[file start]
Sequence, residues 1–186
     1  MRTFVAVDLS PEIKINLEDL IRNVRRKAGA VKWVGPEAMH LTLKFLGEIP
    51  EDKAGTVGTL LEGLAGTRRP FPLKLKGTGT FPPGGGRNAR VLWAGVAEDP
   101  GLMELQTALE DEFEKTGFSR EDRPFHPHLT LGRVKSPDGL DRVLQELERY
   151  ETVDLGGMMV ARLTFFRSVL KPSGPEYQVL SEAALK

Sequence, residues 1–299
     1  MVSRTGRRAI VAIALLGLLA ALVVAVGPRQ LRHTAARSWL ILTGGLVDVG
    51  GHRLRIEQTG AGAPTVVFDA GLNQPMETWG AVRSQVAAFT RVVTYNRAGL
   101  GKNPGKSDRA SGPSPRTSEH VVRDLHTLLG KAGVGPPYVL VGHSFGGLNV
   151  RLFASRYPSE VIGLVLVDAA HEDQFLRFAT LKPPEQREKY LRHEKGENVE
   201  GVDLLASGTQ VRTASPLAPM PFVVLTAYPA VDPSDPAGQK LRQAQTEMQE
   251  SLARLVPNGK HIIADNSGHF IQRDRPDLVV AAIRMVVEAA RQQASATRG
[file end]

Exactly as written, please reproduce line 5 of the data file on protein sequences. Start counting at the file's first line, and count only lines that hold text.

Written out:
   151  ETVDLGGMMV ARLTFFRSVL KPSGPEYQVL SEAALK